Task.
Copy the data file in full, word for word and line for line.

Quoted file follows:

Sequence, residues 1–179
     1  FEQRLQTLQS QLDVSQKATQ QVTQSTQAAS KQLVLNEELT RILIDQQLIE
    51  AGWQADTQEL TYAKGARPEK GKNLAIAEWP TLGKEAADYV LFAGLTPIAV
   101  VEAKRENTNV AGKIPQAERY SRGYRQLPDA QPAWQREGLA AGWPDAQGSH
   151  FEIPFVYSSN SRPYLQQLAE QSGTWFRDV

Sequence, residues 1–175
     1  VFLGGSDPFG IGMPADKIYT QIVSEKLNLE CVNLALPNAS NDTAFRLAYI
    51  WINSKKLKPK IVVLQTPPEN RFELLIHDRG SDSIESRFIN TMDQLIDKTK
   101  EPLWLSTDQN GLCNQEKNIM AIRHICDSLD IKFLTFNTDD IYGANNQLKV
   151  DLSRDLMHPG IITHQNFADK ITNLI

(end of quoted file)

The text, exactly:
Sequence, residues 1–179
     1  FEQRLQTLQS QLDVSQKATQ QVTQSTQAAS KQLVLNEELT RILIDQQLIE
    51  AGWQADTQEL TYAKGARPEK GKNLAIAEWP TLGKEAADYV LFAGLTPIAV
   101  VEAKRENTNV AGKIPQAERY SRGYRQLPDA QPAWQREGLA AGWPDAQGSH
   151  FEIPFVYSSN SRPYLQQLAE QSGTWFRDV

Sequence, residues 1–175
     1  VFLGGSDPFG IGMPADKIYT QIVSEKLNLE CVNLALPNAS NDTAFRLAYI
    51  WINSKKLKPK IVVLQTPPEN RFELLIHDRG SDSIESRFIN TMDQLIDKTK
   101  EPLWLSTDQN GLCNQEKNIM AIRHICDSLD IKFLTFNTDD IYGANNQLKV
   151  DLSRDLMHPG IITHQNFADK ITNLI